What We Know About the Current State of Covid-19 Legislation

| Aug 7, 2020 | COVID19 resources |

As our country and our economy braced for impact of the Covid-19 pandemic, Congress passed the Coronavirus Aid, Relief, and Economic Security (CARES) Act to provide economic assistance for workers, families, and small businesses, and to preserve jobs. As key portions of the CARES Act expired on July 31, 2020, and with no end to the pandemic in sight, many are wondering what the future holds for Covid-19 relief.

On July 24, 2020, the Senate released their proposed Covid-19 Legislation, the Health, Economic Assistance, Liability protection and Schools (HEALS) Act. The $1 trillion relief legislation includes $16 billion for Covid-19 testing and contact tracing; $20 billion for vaccine, therapeutic and diagnostic development; $20 billion for farmers, $30 billion to protect the military from the virus; and $105 billion in school funding,

For individuals, a second round of stimulus checks would be provided to qualified individuals at the same amount as the CARES Act.

For workers, the big area of concern, and the most contentious part of the bill standing between the House and the Senate is the issue of extended unemployment. Under the proposed HEALS Act, federal unemployment benefits would be extended, but at an additional $200 per week rather than the additional $600 per week provided by the CARES Act. The additional $200 per week would run through the first week of October, at which time States are supposed to set forth a system where they are able to provide unemployed workers 70% of their former wages.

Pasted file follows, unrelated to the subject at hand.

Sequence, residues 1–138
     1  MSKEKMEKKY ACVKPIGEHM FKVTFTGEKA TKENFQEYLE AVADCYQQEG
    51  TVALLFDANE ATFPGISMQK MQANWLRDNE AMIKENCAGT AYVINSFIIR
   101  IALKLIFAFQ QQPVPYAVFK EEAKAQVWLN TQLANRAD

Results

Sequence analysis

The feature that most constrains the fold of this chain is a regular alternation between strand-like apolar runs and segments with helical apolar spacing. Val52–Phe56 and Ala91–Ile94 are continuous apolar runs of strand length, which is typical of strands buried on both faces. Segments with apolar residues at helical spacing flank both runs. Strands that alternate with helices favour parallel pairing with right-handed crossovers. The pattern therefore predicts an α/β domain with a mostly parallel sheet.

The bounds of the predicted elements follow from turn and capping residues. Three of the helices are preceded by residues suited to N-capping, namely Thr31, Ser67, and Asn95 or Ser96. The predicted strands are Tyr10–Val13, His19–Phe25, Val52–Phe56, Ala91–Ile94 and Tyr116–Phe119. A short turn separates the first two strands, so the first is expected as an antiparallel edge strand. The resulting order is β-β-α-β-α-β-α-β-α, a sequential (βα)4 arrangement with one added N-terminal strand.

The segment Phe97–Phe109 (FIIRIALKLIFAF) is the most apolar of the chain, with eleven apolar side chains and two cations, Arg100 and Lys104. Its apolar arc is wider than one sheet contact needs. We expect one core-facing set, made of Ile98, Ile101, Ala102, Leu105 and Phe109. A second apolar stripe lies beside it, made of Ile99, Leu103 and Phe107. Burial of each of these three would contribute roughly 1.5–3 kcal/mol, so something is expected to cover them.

For student loan borrowers, the HEALS Act does not include an extension of the student loan relief beyond September 30, 2020.

For businesses, the proposed HEALS Act would allow eligible small businesses to apply for a second Paycheck Protection Program (PPP) loan to businesses that can show at least a 50% reduction in gross revenues during the pandemic. One change to the PPP would expand forgivable expenses to include covered supplier costs, worker protection expenditures, operations expenditures, and certain property damage, including damage, loss from looting and/or vandalism that was incurred as a result of the 2020 riots that was not covered by insurance or otherwise compensated. Other changes to the original PPP includes letting borrowers select their preferred eight-week period to use their PPP funds and simplifying the forgiveness application process for loans of $150,000 or less. The proposed HEALS Act would further provide liability protection for the purpose of encouraging companies to reopen without the fear they will be sued and subjected to years in court and hefty fines.

Remember, the above-mentioned legislation has is not the current law, but individuals, workers, and businesses should stay up to date on the latest in Covid-19 legislation. As we learned with the CARES Act, these new laws can quickly and easily impact our livelihood and the future of our businesses.

Here at Swenson Lervick, we make it our business to stay up to date on what is going on with Covid-19 legislation so that we are better able to guide our clients during this time. Make sure to follow our Facebook page and our blog to get the latest on this important piece of proposed legislation, and let us be your guide.

 

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